—Andrea Scoseria Katz, NYU School of Law
[Editor’s note: This is one of our biweekly I-CONnect columns. For more information about our four columnists for 2020, please click here.]
The problem with lying in politics, the philosopher Hannah Arendt once pointed out, isn’t that people start to take the lies seriously, but rather that “nobody believes anything any longer”:
A people that no longer can believe anything cannot make up its mind. It is deprived not only of its capacity to act but also of its capacity to think and to judge. And with such a people you can then do what you please.
During the COVID-19 pandemic, with millions of stricken people being turned away from overburdened health care systems and forced to seek remedies, financial help, medical advice, or just good news where they can, public lying can be a matter of life or death—a fact that hasn’t stopped scores of unscrupulous actors from peddling falsehoods to profit from the crisis: TV personalities and internet influencers touting their own “remedies,” “detox diets,” or “immune-boosting” vitamins to ward off the disease, religious leaders in South Korea, Brazil, and Mexico downplaying the dangers of COVID-19, or cybercriminals posing as authorities from the UK government or the World Health Organization to steal people’s personal data.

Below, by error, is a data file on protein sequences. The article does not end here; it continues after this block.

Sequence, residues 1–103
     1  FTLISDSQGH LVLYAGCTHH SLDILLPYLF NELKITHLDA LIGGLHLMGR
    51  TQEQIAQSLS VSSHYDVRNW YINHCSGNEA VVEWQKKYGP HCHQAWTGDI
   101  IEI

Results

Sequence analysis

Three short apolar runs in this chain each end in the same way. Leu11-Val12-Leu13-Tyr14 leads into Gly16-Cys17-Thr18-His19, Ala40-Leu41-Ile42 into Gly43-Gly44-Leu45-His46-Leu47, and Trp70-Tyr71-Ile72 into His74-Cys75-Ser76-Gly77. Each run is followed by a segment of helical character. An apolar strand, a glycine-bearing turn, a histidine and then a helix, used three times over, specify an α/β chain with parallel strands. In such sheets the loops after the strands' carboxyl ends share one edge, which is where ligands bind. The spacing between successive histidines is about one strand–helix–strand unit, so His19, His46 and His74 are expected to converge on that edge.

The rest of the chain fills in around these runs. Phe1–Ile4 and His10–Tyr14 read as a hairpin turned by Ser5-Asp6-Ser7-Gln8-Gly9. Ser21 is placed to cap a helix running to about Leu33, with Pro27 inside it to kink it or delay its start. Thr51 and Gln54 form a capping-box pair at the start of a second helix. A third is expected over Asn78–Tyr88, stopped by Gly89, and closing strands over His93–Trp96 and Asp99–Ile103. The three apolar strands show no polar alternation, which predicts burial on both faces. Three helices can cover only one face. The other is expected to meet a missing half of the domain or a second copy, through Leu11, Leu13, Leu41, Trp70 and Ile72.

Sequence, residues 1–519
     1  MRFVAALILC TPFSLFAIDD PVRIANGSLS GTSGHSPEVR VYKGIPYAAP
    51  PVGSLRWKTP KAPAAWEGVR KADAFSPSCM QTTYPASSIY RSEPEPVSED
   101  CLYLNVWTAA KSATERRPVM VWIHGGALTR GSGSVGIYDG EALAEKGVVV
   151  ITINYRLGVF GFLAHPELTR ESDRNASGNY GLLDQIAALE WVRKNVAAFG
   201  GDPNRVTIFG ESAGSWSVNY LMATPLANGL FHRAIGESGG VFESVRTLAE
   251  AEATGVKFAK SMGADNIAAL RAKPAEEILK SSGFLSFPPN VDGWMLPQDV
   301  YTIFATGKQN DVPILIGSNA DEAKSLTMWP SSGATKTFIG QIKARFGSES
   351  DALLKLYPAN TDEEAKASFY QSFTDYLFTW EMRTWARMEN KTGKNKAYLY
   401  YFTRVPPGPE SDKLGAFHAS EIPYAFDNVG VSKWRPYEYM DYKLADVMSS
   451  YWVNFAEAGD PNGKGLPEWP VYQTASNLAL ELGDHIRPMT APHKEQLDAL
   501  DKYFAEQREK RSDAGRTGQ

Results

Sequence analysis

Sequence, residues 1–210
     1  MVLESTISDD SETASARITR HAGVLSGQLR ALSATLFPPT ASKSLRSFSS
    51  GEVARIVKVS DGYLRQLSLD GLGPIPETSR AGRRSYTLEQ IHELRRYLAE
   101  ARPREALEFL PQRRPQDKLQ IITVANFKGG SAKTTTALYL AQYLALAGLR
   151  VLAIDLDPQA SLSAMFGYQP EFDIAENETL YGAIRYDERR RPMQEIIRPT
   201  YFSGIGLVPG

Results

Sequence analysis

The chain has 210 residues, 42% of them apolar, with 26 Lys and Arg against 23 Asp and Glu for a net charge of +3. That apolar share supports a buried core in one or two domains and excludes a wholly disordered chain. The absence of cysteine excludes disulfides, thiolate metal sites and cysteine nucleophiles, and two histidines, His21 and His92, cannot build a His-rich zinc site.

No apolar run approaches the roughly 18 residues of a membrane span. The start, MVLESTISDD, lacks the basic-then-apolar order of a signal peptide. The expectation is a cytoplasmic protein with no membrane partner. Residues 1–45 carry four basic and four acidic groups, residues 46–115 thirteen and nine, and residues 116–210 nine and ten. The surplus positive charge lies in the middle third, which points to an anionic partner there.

But nothing compares to the phenomenon of heads of state taking to the podium to spout untruths. This includes authoritarian China, where it turns out that the government may have underreported the total of domestic coronavirus cases by a factor of four; embattled Venezuela, where, in a video since deleted by Twitter, President Nicolás Maduro touts a “natural brew” to fight the virus; and Brazil and the United States, two otherwise robust democracies headed by illiberal populists who figure among the world’s worst offenders in sheer mendacity. After initially dismissing the severity of the virus, both Jair Bolsonaro and Donald Trump have attempted to muzzle negative press coverage of the crisis, silenced their own experts’ medical guidance, and advocated untested drugs as a cure for the infection, Trump even conjecturing last week that exposure to UV light or ingesting disinfectant by injection could be cures for COVID-19, a baseless claim alarmed experts rushed to debunk.